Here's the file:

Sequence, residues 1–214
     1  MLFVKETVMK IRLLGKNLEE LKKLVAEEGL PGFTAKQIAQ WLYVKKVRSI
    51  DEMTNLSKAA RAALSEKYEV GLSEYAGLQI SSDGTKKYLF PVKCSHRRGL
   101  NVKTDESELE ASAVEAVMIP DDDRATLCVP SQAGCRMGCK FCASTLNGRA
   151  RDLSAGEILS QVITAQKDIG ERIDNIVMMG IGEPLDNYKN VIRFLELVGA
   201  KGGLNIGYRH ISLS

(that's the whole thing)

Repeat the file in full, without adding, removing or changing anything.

Sequence, residues 1–214
     1  MLFVKETVMK IRLLGKNLEE LKKLVAEEGL PGFTAKQIAQ WLYVKKVRSI
    51  DEMTNLSKAA RAALSEKYEV GLSEYAGLQI SSDGTKKYLF PVKCSHRRGL
   101  NVKTDESELE ASAVEAVMIP DDDRATLCVP SQAGCRMGCK FCASTLNGRA
   151  RDLSAGEILS QVITAQKDIG ERIDNIVMMG IGEPLDNYKN VIRFLELVGA
   201  KGGLNIGYRH ISLS